without any evidence although Hilal stated that investigations into the case
have been ongoing since 1996.
"My brother wasnt even on this boat," Amal Ibrahim Muhammad
told the Cairo Times. Muhammad explained that her brother, Hatem
Ibrahim, 28, an Alexandrian, was visiting a close friend in Cairo, Amir Al
Olaly, also arrested in the case. "They were taking a walk on the
Corniche with some friends, including two females, when police became
suspicious of my brothers friend due to his strong build, and arrested
him." According to Muhammad, when Ibrahim went with his friend to find
out why he was being arrested, they arrested him as well.
In an interview with the Cairo Times, Taher Abou Nasr, a lawyer from the
Hisham Mubarak Law Center who represents four of the defendants, said the
various defense teams would receive detailed copies of the investigations this
week. Abou Nasr criticized the validity of both the police investigation
methods and the medical examination each defendant underwent to determine if
he had engaged in anal sex.
The defendants have complained of torture and forced confessions.
"They threatened to beat him if he did not sign his name under a
statement [confessing to the charges]," Muhammad said.
One defendant in the courtroom cell cried out, "We have gone through
Although many human rights groups have condemned the case, others have
distanced themselves for fear of being attacked. Organizations such as Amnesty
International have come under attack for their condemnation of the case. In a
statement, Amnesty International said that it "believes that the
vilification and persecution of persons for their sexuality violate the most
fundamental principles of international human rights law."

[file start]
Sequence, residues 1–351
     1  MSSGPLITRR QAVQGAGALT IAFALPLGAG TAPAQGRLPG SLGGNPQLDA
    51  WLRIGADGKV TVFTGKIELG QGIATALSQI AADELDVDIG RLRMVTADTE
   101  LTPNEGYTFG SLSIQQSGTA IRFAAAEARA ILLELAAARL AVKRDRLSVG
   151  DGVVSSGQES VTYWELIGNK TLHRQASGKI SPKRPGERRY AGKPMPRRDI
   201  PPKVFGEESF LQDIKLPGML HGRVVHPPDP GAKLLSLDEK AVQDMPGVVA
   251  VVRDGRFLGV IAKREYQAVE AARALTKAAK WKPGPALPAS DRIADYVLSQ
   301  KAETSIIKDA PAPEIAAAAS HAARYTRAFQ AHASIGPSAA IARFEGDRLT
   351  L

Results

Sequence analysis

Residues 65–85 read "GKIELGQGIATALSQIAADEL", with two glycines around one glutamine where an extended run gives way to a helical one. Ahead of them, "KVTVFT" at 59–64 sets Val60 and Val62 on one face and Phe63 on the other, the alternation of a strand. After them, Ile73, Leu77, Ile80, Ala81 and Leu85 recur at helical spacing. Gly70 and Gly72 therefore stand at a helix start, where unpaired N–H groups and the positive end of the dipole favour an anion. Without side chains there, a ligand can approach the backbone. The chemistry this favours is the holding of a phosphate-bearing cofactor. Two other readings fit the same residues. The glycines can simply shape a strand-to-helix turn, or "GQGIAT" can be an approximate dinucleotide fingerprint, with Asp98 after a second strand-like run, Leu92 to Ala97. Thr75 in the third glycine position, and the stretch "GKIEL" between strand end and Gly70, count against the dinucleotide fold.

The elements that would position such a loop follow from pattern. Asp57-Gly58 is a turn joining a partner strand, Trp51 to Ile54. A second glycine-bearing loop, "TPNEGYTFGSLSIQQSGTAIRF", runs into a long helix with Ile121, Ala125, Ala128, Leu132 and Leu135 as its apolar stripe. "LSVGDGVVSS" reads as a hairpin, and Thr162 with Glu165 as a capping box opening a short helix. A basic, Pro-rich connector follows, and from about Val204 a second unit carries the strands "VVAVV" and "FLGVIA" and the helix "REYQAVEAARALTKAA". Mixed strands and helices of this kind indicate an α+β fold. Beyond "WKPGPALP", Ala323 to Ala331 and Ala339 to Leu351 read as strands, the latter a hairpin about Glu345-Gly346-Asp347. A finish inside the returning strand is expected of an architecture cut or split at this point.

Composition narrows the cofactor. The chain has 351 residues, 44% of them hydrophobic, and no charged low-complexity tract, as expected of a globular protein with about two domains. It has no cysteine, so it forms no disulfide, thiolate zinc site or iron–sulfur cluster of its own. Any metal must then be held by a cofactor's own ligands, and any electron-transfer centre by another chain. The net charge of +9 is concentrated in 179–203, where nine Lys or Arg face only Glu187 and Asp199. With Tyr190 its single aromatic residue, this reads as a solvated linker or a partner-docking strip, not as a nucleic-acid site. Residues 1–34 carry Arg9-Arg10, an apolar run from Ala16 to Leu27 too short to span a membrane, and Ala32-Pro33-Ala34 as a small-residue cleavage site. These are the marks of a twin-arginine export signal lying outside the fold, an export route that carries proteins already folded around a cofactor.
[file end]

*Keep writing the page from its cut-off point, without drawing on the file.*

Rose Al Youssef magazine fired back on 21 June, saying that "Amnesty
International surprised everybody by its statement in defending a group of
perverts... Amnesty International considered the process of legally punishing
these people as an act against human rights!"
Muhammad, who says she is from a deeply religious family, is certain of her
brothers innocence but says that if she was even one percent unsure of it,
she would accept his punishment, reflecting the view of many Egyptians who
frown on homosexuality.
Media coverage of this incident by Egyptian newspapers has also fueled
negative sentiments towards the defendants. It has centered on the alleged
sexual orientation of the men, showing doctored internet pictures of men
kissing or in bed together, and in some cases, detailed information pertaining
to the men has been published in the press.
Abou Nasr sees this as an attempt by the state "to pull the ears"
of homosexuals and set an example to the gay community in Egypt. If that is
this the case, then it has probably worked since many gays have reportedly
left Egypt following the raid, and gay men have been advising each other to
avoid going to gay hang outs for fear of being arrested.